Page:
September 20, 2006

Mineral King

If you’re a true Disney Geek, you’ve heard of the Mineral King Ski Resort that Walt Disney wanted to build in the California Sierra backcountry. It was going to be a huge, first class resort, rivaling any at Tahoe or Colorado, and it was also going to be the home to an animatronic stage show that later became the Country Bear Jamboree.

Well, Walt Disney died, and the Sierra Club fought against the project, so it never got built. A decade later the Mineral King Valley was annexed into Sequoia National Park, and that was the final nail in the plans. Today the area is remote, at the end of a winding mountain road, and out of all the people who have heard of Mineral King probably only the smallest percentage have actually been up there to visit it. I sure haven’t.

But storyteller-extraordinaire Jim Hill has. And yesterday, in celebration of the 40th anniversary of Disney’s original Mineral King press conference, he posted an entire article about his visit, full of pictures of the road, the ranger station the conference was held at, and the valley where the resort was going to be built.

Photo by Nancy Stadler

If you have any interest in Disney history, you’ve got to check out his article. He promises that sometime soon he’ll have more details on what the resort itself would have been like had it been built, and his stories of “the Disney that never was” are always entertaining.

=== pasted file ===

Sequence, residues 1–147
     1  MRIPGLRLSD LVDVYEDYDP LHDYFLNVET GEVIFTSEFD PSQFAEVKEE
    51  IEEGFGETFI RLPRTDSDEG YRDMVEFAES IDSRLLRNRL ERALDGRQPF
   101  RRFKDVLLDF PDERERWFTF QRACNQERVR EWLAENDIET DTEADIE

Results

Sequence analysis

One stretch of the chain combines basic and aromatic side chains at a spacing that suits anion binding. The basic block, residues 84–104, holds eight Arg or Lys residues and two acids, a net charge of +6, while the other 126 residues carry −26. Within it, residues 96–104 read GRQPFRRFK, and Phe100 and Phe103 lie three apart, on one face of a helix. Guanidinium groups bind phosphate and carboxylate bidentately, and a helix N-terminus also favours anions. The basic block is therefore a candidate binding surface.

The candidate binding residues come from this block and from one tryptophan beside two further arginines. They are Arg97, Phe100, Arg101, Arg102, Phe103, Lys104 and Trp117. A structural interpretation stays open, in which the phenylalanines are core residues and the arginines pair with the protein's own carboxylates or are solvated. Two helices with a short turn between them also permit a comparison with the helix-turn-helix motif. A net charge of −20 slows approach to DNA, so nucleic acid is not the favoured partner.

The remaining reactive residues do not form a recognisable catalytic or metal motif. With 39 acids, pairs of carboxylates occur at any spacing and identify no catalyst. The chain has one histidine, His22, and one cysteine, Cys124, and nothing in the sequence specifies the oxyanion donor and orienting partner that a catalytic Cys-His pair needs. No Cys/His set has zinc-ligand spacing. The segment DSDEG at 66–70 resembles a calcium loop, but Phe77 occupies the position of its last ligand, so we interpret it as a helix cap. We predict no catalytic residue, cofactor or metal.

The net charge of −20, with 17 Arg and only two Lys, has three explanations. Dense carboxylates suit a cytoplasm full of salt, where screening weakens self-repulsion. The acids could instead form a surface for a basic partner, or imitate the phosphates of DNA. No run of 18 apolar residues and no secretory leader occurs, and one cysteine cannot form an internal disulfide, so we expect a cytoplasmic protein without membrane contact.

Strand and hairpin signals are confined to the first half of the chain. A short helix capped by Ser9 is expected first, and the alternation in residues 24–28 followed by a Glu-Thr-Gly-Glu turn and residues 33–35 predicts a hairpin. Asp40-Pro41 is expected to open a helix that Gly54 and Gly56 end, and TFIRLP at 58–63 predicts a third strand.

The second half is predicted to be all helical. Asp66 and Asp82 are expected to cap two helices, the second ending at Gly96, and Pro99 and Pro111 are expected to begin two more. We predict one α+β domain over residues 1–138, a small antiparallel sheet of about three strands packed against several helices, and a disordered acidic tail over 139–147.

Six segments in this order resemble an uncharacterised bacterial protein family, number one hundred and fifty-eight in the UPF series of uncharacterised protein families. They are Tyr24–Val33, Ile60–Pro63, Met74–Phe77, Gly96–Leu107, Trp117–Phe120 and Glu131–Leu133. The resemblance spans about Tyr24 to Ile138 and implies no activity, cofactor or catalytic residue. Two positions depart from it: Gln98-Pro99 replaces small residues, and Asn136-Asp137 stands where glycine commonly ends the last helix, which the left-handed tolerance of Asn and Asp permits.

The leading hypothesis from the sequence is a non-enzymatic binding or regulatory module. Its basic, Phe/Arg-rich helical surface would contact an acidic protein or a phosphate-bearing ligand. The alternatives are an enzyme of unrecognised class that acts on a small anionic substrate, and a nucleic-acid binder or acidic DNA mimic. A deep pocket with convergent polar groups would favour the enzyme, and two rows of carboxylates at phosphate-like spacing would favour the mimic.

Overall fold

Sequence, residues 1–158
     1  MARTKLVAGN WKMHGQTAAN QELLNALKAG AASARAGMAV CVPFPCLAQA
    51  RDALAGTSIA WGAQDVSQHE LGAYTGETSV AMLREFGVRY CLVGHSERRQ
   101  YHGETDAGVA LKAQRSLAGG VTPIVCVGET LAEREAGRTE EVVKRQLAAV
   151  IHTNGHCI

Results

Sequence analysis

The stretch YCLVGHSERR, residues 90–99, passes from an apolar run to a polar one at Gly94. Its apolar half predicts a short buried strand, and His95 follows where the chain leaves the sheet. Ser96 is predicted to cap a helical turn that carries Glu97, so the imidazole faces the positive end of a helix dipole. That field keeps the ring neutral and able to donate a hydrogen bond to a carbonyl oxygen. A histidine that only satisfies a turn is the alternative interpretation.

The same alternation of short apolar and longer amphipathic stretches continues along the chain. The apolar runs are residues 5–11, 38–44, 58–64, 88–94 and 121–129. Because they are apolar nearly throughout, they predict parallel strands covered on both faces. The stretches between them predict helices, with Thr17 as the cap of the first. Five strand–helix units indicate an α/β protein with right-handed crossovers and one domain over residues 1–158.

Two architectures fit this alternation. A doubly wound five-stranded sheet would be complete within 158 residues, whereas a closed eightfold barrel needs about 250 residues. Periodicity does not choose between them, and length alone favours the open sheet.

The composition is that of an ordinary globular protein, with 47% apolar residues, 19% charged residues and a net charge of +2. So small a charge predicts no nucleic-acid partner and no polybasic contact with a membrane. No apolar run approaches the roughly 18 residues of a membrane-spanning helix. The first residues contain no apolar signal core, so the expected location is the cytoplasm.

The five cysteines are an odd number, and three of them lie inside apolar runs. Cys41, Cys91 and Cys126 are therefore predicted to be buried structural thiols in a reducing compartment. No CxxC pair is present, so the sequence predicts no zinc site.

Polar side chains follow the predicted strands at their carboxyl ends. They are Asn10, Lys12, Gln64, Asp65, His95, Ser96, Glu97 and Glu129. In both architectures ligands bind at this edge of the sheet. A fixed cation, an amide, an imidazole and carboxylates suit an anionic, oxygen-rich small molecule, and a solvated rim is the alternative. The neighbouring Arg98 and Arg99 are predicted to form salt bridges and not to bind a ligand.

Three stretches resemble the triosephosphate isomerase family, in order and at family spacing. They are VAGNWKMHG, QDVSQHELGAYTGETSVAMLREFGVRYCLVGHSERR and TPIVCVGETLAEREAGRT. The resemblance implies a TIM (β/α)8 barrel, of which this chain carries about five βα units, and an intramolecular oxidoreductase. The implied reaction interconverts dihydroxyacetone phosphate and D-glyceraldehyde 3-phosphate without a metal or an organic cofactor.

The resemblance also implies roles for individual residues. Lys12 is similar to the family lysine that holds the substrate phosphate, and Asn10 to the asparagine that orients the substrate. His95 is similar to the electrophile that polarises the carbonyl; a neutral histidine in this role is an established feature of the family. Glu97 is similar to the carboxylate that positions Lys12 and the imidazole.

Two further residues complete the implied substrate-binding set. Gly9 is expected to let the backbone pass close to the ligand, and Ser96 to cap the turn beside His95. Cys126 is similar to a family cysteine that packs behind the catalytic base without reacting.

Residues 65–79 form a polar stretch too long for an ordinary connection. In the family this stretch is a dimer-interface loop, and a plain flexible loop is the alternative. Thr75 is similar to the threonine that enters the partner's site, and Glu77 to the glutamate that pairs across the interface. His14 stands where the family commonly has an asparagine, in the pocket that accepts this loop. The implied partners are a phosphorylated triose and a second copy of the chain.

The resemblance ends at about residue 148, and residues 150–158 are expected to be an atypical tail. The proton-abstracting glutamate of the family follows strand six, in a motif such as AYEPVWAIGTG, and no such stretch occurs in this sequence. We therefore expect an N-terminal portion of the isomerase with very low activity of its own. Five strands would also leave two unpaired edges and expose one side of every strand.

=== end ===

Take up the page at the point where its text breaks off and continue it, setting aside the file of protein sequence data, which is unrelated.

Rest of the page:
Filed under The Computer Vet Weblog

Comments (2)

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  1. brian cantoni says:

    This is a great story — I had never heard of this project, or Mineral King Valley.

    Jim’s story didn’t mention anything about Disney’s earlier involvement with Sugar Bowl (my favorite area to ski). There are some notes about it on the History page on Sugar Bowl’s site. Perhaps his involvement in a “conventional” European-style ski resort encouraged him to pursue his own, Disney-style take on it.

    Posted September 26, 2006 @ 5:26 pm
  2. Jeff says:

    I am an avid backpacker in the Mineral King Valley and all I can say is thank goodness that Disney never built the resort up there. It would be congested with people and not the pristine wilderness it is now. If you are interested in photos of the Mineral King area just check out my site at

    Posted October 13, 2006 @ 7:02 pm

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